6. Once these items are assembled, they should be presented in the context of the life of the booth. Do you plan to use the booth for three, five, or seven years before considering major upgrades? In the case of one client who had committed to a 30×30 island booth in 2012, they had an opportunity to upgrade the space and the booth in 2015 to a 30×40, and decided the investment was worth it.
7. Determine how the new booth will change those who are tasked with the logistics of setting up and dismantling the booth, staffing it for the shows and inviting more clients for one-on-one meetings. In my experience, upgrading to a larger booth will modestly impact the marketing staff, giving them more opportunities to meet more clients and spread the word about the booth. Costs for set-up and dismantle will rise. Shipping costs will rise. Stepping up to a new booth is a major commitment, but it can often be well worth it in the return on that investment.
8. Now it’s time to present the final proposed cost. You’ve assembled a design and fabrication team that is capable. You have a reasonable price range for the project. While the bean-counters will want to justify the case in a hard dollars won vs. dollars spent, in addition to showing how the cost will be justified by the return with new business, detail the ‘soft’ return. These soft reasons to spend the money may include increased business opportunities due to a larger booth, more visibility at the shows, easier and quicker set-up times, perception of being bigger and better than your competitors, better branding opportunities in your booth, and so on. Be as specific as possible. For instance: “our new booth will give us a 300% increase in visible graphic display area to show off our brand and products compared with our current display.”
Use whatever combination of these methods you deem appropriate for your situation. Need help? Give me a call or drop a note and I’ll be glad to chat!
After 62,219 steps, a couple of achy legs and a few foot blisters in four days of Expo West, it came to me: “Tradeshows ain’t for wimps!” Certainly not if you’re walking the floor, nor if you’re an exhibitor who’s shepherding a booth (and staff) from the home office location to the show floor, through day(s) of set-up, three days of visitors, then dismantling and shipping it back. Thanks to Fitbit’s tracking device that’s 28.96 miles, give or take…
Tradeshows ain’t for wimps. I know it, and every year I say the same thing: I should have gone into training for this about six weeks ago.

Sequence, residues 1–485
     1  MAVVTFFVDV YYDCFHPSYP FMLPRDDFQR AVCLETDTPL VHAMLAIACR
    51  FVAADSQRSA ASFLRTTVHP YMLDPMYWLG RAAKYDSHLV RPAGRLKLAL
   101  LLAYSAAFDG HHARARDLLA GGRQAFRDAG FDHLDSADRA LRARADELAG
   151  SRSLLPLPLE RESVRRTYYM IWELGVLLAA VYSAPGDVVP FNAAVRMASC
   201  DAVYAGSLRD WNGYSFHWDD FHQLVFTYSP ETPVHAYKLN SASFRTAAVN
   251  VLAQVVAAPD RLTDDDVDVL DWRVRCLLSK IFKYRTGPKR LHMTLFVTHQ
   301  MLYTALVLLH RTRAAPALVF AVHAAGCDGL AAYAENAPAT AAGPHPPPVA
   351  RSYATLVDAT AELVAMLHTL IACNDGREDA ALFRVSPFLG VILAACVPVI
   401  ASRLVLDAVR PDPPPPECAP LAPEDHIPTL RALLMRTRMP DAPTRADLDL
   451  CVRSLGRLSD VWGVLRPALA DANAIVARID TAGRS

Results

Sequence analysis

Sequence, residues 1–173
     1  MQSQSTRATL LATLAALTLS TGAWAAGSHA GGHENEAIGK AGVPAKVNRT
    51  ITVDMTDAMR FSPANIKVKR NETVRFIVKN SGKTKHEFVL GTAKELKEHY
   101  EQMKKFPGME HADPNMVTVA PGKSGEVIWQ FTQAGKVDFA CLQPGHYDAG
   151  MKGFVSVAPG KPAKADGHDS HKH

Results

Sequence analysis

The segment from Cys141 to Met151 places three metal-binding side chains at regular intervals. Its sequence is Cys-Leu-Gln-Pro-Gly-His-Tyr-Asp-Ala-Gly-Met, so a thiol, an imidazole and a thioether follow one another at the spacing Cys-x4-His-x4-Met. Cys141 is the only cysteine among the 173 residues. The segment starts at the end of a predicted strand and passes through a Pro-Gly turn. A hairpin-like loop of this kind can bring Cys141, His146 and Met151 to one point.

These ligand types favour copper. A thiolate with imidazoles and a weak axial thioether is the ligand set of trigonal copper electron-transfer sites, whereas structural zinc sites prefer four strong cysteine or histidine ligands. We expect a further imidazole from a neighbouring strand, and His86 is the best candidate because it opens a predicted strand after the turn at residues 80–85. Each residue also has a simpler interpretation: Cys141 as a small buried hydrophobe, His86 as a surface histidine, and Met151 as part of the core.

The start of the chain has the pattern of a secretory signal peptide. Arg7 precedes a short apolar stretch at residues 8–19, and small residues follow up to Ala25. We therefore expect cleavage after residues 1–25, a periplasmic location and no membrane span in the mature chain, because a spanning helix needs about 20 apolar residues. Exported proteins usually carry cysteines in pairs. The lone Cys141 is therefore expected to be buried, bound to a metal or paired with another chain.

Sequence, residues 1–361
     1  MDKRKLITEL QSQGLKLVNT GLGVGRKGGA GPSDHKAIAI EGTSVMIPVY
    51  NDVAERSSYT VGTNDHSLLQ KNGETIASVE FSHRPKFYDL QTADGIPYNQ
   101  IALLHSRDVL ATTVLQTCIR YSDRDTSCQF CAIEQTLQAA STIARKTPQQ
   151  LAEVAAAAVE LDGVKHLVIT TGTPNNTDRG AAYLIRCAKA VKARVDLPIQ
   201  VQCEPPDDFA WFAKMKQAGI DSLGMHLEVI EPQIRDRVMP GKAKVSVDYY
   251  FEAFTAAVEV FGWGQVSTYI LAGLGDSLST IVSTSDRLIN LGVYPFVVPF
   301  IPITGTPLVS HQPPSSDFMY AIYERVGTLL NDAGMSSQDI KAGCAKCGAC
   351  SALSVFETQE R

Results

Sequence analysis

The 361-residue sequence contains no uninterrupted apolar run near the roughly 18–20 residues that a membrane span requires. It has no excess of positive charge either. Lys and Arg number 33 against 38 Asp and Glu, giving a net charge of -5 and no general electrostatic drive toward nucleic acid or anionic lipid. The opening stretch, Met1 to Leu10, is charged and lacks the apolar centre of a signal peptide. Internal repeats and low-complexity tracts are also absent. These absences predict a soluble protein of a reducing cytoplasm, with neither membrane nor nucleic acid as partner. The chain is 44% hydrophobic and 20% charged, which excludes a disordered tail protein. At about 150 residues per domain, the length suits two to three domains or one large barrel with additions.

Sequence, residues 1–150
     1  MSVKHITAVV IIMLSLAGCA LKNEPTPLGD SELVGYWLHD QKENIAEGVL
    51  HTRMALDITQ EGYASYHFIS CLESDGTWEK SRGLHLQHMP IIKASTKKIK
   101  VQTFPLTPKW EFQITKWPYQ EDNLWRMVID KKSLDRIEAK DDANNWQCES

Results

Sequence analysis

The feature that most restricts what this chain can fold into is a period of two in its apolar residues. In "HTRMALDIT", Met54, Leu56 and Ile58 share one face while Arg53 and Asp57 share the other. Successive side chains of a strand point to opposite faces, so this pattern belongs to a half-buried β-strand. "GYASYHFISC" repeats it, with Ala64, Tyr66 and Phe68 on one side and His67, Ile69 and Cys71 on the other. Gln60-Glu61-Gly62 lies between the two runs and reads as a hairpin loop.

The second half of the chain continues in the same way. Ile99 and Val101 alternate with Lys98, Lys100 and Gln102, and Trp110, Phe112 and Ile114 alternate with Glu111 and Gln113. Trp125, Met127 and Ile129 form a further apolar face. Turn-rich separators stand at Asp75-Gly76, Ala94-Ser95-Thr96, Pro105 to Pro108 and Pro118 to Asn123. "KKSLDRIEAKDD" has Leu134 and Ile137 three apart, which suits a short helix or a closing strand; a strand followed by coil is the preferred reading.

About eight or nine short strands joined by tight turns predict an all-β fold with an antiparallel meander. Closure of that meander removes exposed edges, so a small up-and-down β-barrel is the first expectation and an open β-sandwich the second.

Depending on whom you listen to and believe and what rumors are flying, this year’s Expo West, held at the Anaheim Convention Center, drew around 80,000 visitors, a one-third boost from last year. Or, as one exhibitor confided, a New Hope rep told her that the total attendance (attendees and exhibitors) was north of 110,000 and growth was so substantial that they were looking to demand some more space and concessions from the convention center, or within a few years it could be ‘Sayonara, Anaheim, hello Las Vegas!’
Like I said, rumors.
Flash Drives: @Tradeshowguy Exhibitor Toolkit
My calling card this year wasn’t a card; it was a flashdrive that contained a lotta stuff to help exhibitors. I took six dozen and they all found a home, except for the one that stayed in the bottom of my backpack. I loved that they were quite well-received by those I offered them to: “You’re showing me how to bring home more leads, get more PR and have a better-trained booth staff? I’ve been waiting for this!” Did you get one? Would you like one? It’s available now online: download your toolkit here.
As always, I keep abreast of happenings on the show floor via Twitter, and, increasingly, via Instagram. It’s easy to post photos to either, but from the Instagram platform, you can also post directly to Facebook and Twitter, so that makes it an easy choice to start there. Loads of exhibitors and attendees are hanging out on both platforms, and it’s easy to follow them by tracking the hashtags #expowest and #expowest2015. Hey, I got some freebies this way, and also entered a few contests that I previously would not have run across. (Hey NutraSumma, call me when I win that mountain bike, okay?)
This year’s show was, as usual, quite the extravaganza. And the booths (and attendees) ranged from ghastly to elegant to stunning. Let’s hand out a few awards, shall we?